Photo Scavenger Hunts (pick a list, use a random word generator or just browse deviantart/pinterest) 365 Photo Project 52 Weeks Project (choose a theme, shoot it all week) 100 things project - several groups on DA for this that are good, it's not so much on the rest of the web.
Basically, choose something out of your element, and force it into your element, or work with it.
Aimlessly driving around the countryside in order to find interesting nature/landscape subject matter is unlikely to ever yield promising results. I would suggest starting with Google maps, or your knowledge of the local area and find some interesting places to either drive to or walk to. I know you guys have a lot of national parks over there in the States, so why not try with those! Failing that, try checking out local woodland or grasslands. I'm sure there are trails around that you could follow. I've been doing so much of this recently, and I've had some very good success. Luckily, there is lots of woodland, hills and flatland around too, and plenty of rivers. Despite it being winter, I've managed to capture some interesting subject matter. We have a lot of coniferous forest around here as well as deciduous.
If I'm not out in the field taking photos I am scouting new places to drive to and researching constantly. You ought to do the same if you enjoy the sort of photography I do.
I agree with Fuzzypiggy. Driving occupies your mind which is the enemy of finding photographs. Drive to a destination that has possibilities (which is actually almost anywhere). Walk around for a while and look around you, gradually emptying your mind of your normal concerns. Then the photographs will come to you. It is often a good thing to visit the same spots periodically as familiarity with the location will help with the process. Landscape photographers will often frequent the same spot at different seasons, different times of the day with different lighting, and different lenses, and photographed in different ways. They won't all be great, but it all helps with the process of seeing photographs.
georgewjohnsonFeatured By OwnerJan 11, 2013Hobbyist Photographer
Stop driving about! I have experienced the same thing, I'm sure we all have.
I have a patch of marshland about 5 miles from where I live. I've used to go there a lot before I started shooting seriously, just walking around it and I never saw anything of any interest. Last year I had to cut back on the spending and couldn't afford to go miles and miles in the car so I kept going back to the his marshland area. The more times I went back the more things I started to see. I had become used to seeing the same objects over and over which meant that I was now able to see the extraordinary objects as they stood out a lot more. The best thing was that I could drive there in 5 minutes even walk there in about an hour, so I was able to go there before and after work on weekdays and also any time at weekends. I saw the same things in so many different types of outdoor lighting conditions.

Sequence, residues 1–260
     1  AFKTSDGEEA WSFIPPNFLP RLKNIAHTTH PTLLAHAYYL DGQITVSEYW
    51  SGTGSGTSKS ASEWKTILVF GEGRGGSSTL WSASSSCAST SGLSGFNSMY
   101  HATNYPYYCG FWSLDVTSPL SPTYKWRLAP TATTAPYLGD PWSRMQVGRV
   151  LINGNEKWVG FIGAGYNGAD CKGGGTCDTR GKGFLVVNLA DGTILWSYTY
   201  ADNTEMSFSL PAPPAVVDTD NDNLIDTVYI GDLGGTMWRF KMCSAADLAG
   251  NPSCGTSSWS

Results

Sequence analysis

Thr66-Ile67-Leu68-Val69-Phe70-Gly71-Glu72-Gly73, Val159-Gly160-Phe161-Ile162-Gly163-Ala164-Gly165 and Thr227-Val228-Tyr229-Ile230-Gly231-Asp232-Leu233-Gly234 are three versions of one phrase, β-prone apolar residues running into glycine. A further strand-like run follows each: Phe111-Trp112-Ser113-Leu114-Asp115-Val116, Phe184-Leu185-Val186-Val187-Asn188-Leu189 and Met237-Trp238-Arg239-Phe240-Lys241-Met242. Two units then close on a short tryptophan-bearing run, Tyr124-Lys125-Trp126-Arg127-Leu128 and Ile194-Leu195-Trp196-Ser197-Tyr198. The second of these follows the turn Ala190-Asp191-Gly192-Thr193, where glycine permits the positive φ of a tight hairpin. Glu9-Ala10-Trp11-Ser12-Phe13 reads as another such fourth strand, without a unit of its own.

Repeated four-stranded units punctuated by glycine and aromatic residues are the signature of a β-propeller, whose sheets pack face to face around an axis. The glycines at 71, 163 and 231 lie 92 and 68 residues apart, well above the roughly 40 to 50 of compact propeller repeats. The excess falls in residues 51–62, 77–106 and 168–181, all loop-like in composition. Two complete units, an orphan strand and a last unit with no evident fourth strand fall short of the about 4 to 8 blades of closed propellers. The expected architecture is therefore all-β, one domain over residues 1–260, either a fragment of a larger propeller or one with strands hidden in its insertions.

In the last 4 years I got maybe 1 or 2 shots from this area, last year I went there at least 20-30 times for 3 months and I must have at least a dozen seriously pleasing keepers. So much so that 2 of the 4 shots of mine that AP magazine published back in November, were from that marshland area! The UK is about to take a blast of Winter weather and so if the roads get snowy and a little dangerous it will be perfect place for me to go shoot without travelling miles at a slow speeds. I can't wait to get back over the marsehs again as I have so many ideas in mind because I know the area inside and out now.
Doing that exercise and having that opportunity taught me so much. Learning to properly scope an area, visualise an area in my mind when planning my landscape shoots and making sure I got out regularly to practice shooting knowing that I hadn't wasted £25 on diesel if I came home empty handed.
just keep looking. I've been photographing my surrounding area for about 5-6 years now, and it wasn't just until last summer than I found a new spot to take pictures of. a park that I had been to countless times, just down the street, that appeared to have "nothing to photograph". Until after having looked at it so many times, I suppose, finally saw it in the way that I could photograph it.
If the big world around you isn't cutting it for you anymore, try getting out of the car, walking around and looking at the details instead of the big picture. Instead of shooting the stream, shoot the crawfish and snapping turtle in the stream.
If you normally shoot color, you might go around looking for black and white photos. If you look through your photos and find you're shooting them all landscape or portrait aspect, switch it up. Or, even go wild and do a series where you are angling your photos.
Something that I used to do a lot when I was looking for ideas; Go anywhere, lie down on the ground, and look at the world around you. Everything changes with perspective. Even something that seemed boring at first can suddenly become interesting.
Go around your house. Find things that fascinate you or take a look at some of your favorite items from a different perspective. Combine things to make visually interesting still lifes.
If you absolutely want to go outside, go to your town/city center. Walk around. Apply the same ideas from in your home to the outside world. Photograph people. Shoot even if it doesn't immediately catch your eye. When you review the images you might find something looked better than you thought.